Part 1: More Blogging Results: Know the Reason Why

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By Alice Seba

You’ve done your keyword research, you diligently wrote your blog posts and you got the traffic. Some people were even nice enough to leave you some comments.

Problem is, you log into PayPal and you still see this:

Not much to write home about. What’s gone wrong? :(

Here’s the thing, you not only need to know what you’re going to do, but WHY you’re doing it. And until you know the WHY of each and everything you do, you arenít going to get the results you hoped for.

See, it’s not enough to say, I want to make $100,000.

And if you’re a typically modest 30DCer, it’s not even enough to say I want to make $1, or I want to make $100.

You’ve got to break it down and start looking at each blog post you create and figure out their purpose. And I’m not necessarily talking about the purpose the post serves for your readers, but how the post will serve your BUSINESS.

Because without purpose, you’ve got nothing. Sure some posts will be just for fun or just because you felt like it, but if you’re looking to get results from your blog the majority of them need to be strategically planned.

Blog posts can serve a number of purposes and let’s look at some of them, breaking them up into traffic purposes and conversion purposes.

Traffic Purposes for Your Blog Posts

We all want traffic to our blog. Without traffic, we have nothing and no opportunity to convert our readers into prospects so let’s talk traffic.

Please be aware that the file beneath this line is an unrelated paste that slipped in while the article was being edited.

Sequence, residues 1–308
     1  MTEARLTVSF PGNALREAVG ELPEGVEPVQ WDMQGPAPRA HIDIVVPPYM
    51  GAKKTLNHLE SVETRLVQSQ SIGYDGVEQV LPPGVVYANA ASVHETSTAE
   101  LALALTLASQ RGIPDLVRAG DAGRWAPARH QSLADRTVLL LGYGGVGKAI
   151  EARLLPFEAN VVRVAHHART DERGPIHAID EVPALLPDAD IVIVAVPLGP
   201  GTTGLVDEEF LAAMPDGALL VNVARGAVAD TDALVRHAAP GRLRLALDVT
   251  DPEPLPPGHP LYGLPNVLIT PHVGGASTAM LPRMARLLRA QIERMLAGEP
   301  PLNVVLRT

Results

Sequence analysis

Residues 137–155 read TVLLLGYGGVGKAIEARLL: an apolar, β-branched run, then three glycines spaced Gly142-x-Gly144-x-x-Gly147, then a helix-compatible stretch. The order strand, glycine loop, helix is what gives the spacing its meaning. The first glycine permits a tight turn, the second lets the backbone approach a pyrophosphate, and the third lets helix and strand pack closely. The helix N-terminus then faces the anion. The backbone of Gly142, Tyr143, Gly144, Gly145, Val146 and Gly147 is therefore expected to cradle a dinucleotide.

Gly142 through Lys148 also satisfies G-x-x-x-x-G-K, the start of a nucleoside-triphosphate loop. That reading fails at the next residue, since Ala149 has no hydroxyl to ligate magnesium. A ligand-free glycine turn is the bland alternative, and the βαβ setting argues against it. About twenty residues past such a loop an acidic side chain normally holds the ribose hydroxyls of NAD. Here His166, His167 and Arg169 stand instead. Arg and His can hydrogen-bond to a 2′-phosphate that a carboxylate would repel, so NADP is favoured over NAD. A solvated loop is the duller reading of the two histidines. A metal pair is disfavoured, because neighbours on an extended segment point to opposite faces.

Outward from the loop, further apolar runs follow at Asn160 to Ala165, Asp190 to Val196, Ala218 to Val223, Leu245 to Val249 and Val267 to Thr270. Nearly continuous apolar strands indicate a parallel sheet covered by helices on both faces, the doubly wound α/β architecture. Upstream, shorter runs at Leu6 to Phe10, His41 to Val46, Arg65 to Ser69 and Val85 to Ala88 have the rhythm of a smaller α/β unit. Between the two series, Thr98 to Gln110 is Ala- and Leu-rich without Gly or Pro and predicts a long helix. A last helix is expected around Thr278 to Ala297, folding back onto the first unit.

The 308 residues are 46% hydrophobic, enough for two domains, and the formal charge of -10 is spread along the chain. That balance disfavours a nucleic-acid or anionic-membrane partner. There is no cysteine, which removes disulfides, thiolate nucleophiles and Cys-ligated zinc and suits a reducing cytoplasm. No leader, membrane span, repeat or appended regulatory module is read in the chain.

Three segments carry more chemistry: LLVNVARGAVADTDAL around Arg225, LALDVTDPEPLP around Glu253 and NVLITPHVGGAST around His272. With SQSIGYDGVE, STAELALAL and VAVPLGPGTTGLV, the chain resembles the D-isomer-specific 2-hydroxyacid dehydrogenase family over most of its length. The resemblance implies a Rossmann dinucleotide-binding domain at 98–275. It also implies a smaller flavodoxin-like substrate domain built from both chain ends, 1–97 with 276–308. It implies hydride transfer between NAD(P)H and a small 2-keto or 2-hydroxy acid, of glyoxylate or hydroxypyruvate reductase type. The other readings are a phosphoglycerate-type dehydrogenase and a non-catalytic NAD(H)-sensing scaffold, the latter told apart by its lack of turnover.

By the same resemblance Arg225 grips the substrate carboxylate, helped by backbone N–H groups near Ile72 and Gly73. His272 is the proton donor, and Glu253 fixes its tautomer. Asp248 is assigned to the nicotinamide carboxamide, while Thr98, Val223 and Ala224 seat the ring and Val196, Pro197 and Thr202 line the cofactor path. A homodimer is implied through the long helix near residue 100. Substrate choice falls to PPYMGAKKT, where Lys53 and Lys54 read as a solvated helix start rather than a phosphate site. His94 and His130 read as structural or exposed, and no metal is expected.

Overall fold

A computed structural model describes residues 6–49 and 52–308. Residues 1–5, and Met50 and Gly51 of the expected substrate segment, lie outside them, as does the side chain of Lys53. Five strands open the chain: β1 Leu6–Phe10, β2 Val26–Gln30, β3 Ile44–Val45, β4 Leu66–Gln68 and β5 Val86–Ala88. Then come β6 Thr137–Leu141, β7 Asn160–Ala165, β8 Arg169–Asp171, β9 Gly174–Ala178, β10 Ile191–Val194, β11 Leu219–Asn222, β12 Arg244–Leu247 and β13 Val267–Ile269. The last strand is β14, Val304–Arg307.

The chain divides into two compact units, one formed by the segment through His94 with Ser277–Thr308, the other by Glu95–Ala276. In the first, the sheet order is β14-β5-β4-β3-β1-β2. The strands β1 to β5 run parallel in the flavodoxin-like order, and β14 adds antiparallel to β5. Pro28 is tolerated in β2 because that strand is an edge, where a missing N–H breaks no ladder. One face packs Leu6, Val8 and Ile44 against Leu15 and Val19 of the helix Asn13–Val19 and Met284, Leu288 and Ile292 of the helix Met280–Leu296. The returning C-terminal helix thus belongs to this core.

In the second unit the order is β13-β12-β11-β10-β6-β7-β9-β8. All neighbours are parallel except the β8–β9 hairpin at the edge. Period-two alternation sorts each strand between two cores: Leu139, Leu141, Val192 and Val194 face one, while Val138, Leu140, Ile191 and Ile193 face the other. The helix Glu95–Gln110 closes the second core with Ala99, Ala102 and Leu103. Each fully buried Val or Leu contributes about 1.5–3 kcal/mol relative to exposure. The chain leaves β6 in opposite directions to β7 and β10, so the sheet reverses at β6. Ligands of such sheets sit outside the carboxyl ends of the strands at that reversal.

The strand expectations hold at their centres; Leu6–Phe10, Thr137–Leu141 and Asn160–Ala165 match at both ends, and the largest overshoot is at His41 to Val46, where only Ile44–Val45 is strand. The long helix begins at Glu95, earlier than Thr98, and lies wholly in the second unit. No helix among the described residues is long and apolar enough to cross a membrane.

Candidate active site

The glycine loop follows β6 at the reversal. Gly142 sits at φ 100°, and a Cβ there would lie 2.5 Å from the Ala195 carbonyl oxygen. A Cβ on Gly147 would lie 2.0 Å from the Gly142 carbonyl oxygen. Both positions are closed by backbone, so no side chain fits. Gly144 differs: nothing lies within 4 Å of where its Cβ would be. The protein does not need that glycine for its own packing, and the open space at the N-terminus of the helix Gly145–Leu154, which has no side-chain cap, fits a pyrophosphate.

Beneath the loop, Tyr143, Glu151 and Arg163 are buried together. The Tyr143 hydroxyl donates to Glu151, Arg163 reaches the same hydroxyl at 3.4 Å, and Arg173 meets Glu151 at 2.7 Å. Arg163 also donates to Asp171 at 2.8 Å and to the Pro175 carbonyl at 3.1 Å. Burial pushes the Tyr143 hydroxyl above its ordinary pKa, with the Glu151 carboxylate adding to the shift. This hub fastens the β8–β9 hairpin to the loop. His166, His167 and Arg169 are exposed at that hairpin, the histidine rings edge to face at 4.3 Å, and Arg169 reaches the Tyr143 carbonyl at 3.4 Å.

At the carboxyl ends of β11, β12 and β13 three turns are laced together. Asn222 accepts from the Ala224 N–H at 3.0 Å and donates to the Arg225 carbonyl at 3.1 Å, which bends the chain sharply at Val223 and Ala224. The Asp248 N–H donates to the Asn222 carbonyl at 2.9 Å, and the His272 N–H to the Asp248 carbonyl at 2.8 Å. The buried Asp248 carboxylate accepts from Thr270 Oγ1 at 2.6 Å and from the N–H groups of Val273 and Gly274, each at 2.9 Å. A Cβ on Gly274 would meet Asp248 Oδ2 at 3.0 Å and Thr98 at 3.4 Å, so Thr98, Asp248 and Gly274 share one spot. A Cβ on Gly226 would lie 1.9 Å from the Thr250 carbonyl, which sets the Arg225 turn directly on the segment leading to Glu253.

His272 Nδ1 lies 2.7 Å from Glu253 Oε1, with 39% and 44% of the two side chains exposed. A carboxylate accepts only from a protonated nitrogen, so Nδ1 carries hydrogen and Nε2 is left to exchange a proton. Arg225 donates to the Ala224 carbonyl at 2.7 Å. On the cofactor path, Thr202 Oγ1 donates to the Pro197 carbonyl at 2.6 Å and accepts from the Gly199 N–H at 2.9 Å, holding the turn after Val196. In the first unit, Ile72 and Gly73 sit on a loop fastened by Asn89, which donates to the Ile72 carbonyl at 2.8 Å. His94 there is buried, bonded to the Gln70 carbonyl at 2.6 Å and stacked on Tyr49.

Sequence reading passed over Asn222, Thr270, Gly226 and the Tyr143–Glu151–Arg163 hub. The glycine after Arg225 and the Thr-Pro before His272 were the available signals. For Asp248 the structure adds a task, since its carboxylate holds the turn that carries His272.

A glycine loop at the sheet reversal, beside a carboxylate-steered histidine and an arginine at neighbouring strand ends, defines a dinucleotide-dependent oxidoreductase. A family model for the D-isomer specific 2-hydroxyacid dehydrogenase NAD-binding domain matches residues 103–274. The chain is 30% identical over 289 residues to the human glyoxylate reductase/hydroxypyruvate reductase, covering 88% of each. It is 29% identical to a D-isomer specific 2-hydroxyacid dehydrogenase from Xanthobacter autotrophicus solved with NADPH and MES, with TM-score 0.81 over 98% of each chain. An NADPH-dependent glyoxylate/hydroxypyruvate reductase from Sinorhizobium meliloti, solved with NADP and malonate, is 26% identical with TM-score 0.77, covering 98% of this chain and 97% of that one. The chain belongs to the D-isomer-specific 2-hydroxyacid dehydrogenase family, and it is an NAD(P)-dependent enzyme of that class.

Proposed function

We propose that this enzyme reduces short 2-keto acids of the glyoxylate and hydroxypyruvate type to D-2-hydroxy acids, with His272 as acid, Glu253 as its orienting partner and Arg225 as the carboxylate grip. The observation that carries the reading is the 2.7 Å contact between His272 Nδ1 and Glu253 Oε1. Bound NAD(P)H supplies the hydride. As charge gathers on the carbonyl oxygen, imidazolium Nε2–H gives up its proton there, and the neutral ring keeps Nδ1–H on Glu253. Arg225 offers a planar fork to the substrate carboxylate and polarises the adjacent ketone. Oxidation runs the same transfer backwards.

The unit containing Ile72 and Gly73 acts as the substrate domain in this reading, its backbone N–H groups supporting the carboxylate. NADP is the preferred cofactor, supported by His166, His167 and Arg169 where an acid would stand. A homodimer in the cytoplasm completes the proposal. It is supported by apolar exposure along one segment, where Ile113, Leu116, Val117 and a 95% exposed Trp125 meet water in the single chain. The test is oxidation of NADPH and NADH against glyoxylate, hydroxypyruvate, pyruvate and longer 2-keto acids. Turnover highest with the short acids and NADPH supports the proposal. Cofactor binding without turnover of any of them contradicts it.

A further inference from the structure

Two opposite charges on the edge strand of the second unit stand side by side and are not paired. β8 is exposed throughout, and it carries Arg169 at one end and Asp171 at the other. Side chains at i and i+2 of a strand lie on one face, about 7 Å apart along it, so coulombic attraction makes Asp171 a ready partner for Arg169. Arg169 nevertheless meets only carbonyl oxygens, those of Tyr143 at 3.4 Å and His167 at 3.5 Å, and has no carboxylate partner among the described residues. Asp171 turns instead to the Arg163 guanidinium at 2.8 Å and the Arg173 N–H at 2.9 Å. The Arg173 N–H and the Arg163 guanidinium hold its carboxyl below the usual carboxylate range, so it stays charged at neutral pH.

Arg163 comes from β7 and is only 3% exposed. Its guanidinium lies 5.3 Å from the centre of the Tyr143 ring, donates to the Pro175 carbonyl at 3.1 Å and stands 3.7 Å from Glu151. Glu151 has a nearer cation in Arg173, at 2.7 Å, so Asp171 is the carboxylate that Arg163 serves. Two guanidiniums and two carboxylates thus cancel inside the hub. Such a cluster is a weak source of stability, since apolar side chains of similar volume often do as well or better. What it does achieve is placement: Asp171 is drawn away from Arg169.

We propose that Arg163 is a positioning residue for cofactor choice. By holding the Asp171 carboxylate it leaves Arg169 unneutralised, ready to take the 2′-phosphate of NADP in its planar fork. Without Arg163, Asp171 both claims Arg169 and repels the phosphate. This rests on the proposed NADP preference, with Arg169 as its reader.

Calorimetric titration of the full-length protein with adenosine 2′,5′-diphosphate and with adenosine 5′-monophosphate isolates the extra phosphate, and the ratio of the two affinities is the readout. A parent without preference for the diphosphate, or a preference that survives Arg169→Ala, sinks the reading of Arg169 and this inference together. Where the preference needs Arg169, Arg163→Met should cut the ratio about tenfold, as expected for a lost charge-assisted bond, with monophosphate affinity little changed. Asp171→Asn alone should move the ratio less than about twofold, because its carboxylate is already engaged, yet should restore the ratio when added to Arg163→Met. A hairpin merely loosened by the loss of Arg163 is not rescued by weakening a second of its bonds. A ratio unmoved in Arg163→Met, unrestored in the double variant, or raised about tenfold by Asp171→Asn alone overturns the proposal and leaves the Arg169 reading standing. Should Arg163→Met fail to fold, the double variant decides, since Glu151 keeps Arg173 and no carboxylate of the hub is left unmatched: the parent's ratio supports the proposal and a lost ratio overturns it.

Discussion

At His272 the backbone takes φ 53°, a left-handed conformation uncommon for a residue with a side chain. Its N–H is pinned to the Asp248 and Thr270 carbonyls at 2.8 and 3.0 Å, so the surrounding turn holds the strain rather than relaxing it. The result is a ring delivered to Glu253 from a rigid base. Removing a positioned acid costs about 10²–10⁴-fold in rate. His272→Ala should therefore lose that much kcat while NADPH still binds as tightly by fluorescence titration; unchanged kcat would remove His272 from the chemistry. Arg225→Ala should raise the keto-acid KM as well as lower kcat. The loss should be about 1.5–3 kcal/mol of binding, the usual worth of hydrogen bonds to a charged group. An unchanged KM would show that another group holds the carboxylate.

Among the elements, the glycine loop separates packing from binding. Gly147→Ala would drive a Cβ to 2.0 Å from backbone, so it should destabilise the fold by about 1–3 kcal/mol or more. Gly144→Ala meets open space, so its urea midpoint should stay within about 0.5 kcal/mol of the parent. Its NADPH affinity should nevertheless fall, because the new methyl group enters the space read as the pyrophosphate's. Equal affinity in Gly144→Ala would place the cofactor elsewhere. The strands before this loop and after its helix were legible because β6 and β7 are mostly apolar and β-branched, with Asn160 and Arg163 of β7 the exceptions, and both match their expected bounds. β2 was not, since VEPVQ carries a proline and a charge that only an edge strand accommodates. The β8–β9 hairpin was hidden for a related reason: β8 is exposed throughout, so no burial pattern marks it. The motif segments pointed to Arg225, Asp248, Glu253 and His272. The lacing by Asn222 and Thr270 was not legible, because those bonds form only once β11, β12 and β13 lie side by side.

Search Engine Food: You already know this and it’s what you’ve been working on. You research keywords, make content for those keywords with the goal of good rankings for those keywords.

Word-of-Mouth: Good content gets people talking as does entertaining and controversial content. Well-crafted content can generate plenty of buzz and translate into traffic.

Establishment of Expertise: Content can improve your reputation and allow people to see you as an expert in your subject area. It’s a traffic booster because people will come to you when they need advice on a certain topic.

Reader Satisfaction: Your regular readers have certain expectations of you and to keep them coming, you’ve got to keep delivering.

Certainly traffic is important for your business, but the good news is you don’t need a ton of it to make good money. In fact, if you’re getting a decent stream of traffic to your blog right now you can start making a lot more money from the traffic you already have.

So, let’s take that traffic and talk about converting it to sales.

Conversion Purposes for Your Blog Posts